Heart of a Soldier

And now the latest installment of my silly romance novel rewrites, in which I rewrite the plot synopsis of romance novels based solely on the cover image and title. Older ones are here and here. As always, I find these books at the local grocery store. This one is called “Heart of a Soldier.” Here we go:


Mister Hoofytoes, with his white mane like beautifully frayed kleenex forgotten in pockets of sweaters run through the dryer, was not your average horse. With his subtle smile and a perfectly coiffed goatee too sultry to show on a book cover, Mister Hoofytoes rivaled Ryan Gosling with his delicately masculine allure.

Like Ryan Gosling, Mister Hoofytoes looked incredibly gorgeous and yet somehow approachable while wearing tan sweater-vests. Like Ryan Gosling, Mister Hoofytoes was a passable cellist.

And, also like Ryan Gosling, Mister Hoofytoes was one of two characters in an epic tale of romance that would be remembered throughout the ages. (Alas, unlike Ryan Gosling, Mr. Hoofytoes would never win four Teen Choice Awards, because the world is cruel).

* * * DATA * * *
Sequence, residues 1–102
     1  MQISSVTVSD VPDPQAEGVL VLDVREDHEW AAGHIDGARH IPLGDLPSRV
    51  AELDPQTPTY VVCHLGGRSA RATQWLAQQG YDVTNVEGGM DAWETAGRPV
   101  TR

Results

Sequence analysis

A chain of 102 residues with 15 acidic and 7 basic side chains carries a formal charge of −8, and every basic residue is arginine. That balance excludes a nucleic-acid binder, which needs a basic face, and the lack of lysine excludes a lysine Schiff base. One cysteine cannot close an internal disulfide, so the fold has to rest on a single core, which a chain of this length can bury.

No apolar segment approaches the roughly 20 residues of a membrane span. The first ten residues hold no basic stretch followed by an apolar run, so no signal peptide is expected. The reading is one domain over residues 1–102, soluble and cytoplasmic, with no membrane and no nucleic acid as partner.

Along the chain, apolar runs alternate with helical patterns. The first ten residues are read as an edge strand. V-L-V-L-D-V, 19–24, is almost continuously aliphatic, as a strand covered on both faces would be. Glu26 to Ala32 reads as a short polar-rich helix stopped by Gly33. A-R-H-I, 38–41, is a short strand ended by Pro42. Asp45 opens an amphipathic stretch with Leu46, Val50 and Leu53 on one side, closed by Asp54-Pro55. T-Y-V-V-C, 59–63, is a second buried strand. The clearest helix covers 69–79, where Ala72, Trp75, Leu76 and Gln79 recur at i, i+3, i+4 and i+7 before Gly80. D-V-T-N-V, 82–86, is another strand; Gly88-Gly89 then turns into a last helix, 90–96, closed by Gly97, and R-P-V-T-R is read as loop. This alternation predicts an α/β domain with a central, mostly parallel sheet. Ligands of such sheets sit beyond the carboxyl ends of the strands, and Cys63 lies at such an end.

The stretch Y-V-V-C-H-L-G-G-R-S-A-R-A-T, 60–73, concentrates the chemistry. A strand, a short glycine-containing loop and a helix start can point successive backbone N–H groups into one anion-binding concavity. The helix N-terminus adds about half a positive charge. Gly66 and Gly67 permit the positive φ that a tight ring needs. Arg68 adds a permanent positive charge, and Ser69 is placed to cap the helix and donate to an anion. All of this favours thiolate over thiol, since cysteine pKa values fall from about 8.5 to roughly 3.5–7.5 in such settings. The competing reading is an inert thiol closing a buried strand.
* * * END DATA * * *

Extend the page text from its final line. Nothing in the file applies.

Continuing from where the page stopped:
The lady love in Mister Hoofytoes’ epic romance was Catherine.

Catherine was a 26-year old farmgirl with a penchant for lilac blouses that looked awkward when paired with the cowboy boots of which she was so fond. Catherine had named Mister Hoofytoes when she was six years old, and had loved him ever since.

Catherine would ride atop Mister Hoofytoes every morning. She knew Mister Hoofytoes’ shoe size. She knew he liked his oats scattered like bits of fairydust. She knew the way he loved to stand behind appropriately placed men so as to majestically appear as if he only had one back leg.

But Catherine did not know Mister Hoofytoes’ secret.

Mister Hoofytoes had the heart of a soldier. Quite literally. One summer morning, while galloping through a dew-glazed meadow, Mister Hoofytoes jumped over an enticingly high cluster of parsley, sage, and rosemary. While midair, Mister Hoofytoes fell into a temporal rift and wound up in the distant future in a war-torn earth ravaged by hellhounds and hazardous cybernetic spider overlords.

Trapped in this futuristic land for ten years, Mister Hoofytoes befriended the enigmatic ukulele-playing Gordon, who was a soldier in the resistance. Gordon taught Mister Hoofytoes how to fly a fighter plane powered by cold fusion and dreams. Gordon taught Mister Hoofytoes how to fool hovergrenades using light refracted from well posed, steely cheekbones. And, knowing how Mister Hoofytoes pined for Catherine and the charming way she scattered oats, Gordon taught Mister Hoofytoes the importance of not giving up on love.